At night before you go to bed, add another 1/4 cup of flour and water and stir. Recover, kiss it goodnight, and go to bed. OK, you can read it a story too but only if it promises to go right to sleep afterwards.

Day 3: Go check on your new creation. I hardly have to tell you this because you will be so excited to see if there are any bubbles. If there are, shout "It's Alive! It's Alive" and dance around the kitchen like the life-creating mad scientist that you are. If not, don't worry about it. Different environments have differing amounts of wild yeast floating around and therefore take differing amounts of time to liven up. In either case, "feed" the creature as outlined above and put it down for a nap.
Before you go to bed, feed it and cover it agin, making sure to stir before and after just like every other time. (Yes, some of you may not need that reminder but some of you are...well....special.)

Day 4: By now some of the excitement may be wearing off. Get up and go check on your starter anyway. By now, you should be seeing bubbles. If not, don't worry. Well, actually, you might worry a little bit. You probably did it all wrong. Perhaps you gave only a cursory glance to my instructions and you are using an all metal bowl and stirring with a huge metal spoon everytime? Or have you forgotten to feed your baby every morning and night? Well, if you still don't see any bubbles, just keep going like before for a few more days; sometimes it can take up to a week. Or, you can just give up. (Just kidding!)

Once your starter shows consistent signs of rising and bubbling up everytime you feed it (or looks kinda like mine in the picture), you are ready to use it in recipes. I will give you my basic sourdough bread recipe farther down, but first, a few points:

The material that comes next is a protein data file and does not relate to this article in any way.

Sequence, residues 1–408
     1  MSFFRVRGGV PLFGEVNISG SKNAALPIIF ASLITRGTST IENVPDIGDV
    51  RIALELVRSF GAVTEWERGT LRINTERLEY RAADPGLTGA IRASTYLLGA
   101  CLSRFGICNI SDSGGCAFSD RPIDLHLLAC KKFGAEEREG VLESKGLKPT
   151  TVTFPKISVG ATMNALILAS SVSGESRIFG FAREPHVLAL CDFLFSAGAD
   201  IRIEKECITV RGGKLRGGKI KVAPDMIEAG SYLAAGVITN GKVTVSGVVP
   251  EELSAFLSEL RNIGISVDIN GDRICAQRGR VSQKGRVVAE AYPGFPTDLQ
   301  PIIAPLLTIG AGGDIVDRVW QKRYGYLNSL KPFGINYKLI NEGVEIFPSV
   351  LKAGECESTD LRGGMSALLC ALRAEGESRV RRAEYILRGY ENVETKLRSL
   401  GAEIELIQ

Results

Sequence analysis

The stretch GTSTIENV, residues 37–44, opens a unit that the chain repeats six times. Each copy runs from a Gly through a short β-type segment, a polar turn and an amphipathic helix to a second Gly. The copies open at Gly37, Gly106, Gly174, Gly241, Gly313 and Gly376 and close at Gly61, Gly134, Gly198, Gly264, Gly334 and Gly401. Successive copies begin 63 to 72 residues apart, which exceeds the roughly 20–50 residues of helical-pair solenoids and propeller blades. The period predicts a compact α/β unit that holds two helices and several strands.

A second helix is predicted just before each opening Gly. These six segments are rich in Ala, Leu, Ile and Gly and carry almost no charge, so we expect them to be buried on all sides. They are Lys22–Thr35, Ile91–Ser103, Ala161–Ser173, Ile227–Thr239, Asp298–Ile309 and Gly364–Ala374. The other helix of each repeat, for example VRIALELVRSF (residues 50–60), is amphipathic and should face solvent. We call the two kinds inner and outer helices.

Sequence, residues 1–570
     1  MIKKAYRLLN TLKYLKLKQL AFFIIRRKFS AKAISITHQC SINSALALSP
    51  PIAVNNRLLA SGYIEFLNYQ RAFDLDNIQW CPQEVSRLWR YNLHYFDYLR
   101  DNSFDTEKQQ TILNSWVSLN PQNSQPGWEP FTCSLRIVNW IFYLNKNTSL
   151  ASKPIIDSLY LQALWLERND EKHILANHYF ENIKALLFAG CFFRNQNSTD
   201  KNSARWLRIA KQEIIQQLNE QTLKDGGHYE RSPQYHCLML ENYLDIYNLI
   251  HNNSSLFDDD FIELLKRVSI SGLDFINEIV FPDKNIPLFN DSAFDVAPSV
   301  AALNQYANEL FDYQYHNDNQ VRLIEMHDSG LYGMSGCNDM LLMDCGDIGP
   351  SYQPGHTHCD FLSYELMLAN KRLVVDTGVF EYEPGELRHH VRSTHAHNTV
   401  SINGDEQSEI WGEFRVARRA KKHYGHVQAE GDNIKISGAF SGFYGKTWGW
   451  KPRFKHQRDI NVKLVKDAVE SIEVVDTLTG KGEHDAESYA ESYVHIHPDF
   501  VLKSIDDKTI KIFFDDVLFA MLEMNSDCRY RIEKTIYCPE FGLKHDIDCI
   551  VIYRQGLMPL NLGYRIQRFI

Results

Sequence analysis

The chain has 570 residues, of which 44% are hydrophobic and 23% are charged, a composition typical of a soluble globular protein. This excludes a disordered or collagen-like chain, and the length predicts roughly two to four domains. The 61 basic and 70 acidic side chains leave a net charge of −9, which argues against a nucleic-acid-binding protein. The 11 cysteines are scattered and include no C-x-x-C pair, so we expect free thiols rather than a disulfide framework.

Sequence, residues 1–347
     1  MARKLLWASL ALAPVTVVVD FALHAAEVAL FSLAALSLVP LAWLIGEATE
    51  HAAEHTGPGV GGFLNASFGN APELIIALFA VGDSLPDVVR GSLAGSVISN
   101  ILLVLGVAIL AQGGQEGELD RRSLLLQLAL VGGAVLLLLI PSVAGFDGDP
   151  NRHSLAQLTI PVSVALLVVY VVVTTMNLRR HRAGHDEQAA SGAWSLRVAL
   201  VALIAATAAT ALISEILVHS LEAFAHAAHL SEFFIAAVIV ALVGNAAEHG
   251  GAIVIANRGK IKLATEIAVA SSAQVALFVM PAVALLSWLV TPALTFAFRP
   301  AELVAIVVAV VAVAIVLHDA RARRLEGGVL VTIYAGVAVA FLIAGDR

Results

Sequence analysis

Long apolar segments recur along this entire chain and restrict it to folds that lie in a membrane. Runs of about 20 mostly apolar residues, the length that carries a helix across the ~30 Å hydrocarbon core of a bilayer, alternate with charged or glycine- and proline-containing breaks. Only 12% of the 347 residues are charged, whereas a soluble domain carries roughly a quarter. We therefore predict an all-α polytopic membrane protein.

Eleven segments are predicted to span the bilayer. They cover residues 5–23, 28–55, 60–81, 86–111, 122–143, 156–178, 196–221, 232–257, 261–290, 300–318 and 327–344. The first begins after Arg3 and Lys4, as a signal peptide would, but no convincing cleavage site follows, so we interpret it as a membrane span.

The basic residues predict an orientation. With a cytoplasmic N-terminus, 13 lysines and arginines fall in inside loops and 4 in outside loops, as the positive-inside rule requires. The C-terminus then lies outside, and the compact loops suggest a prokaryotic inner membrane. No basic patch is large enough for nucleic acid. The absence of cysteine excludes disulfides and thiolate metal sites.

-If at anytime your starter becomes too big for your container, it's fine. Just throw some of it out, or add less everytime (like 2 Tbs flour and 2 Tbs water every time instead of 1/4 cup), or use the discarded starter in recipes for that purpose.

-If you notice a liquid ranging in color from light yellow to dark brown , that is good! Sourdough enthusiasts call it "hooch" and it is completely normal. Just stir it back in.

-The consistency of your starter is pretty much a matter of personal preference. Some people keep their starters more wet, some less so. Mine is usually about the viscosity of a pancake batter. If you are reading this and have no idea what a pancake batter would look like, then maybe in your enthusiasm you've overshot a bit. I can recommend a title for remedial training.

A nice jar to keep your "baby" in...

Bormioli Rocco Fido Round Clear Jar, 33-3/4-Ounce
Amazon Price: $4.89 Buy Now
(price as of Oct 14, 2013)

Sourdough Bread recipe using Sourdough Starter...

Maintaining your starter:

Now you can move your starter to any non-metal container with a loose fitting lid. You can either store it in the refrigerator or on the counter. The counter would be a better place to store it if you plan on baking more than once per week. The logic being that the refrigerator slows down the leavening process a bit so you will produce somewhat less starter.
How often you feed your starter will be determined by how much starter you need and how often. I wouldn't feed it less often than once a week though.

I hope this article on how to make a sourdough starter has been helpful to you. 

Leave a comment letting me know if you've ever tried to make your own sourdough starter!

A beautiful bread recipe book to check out...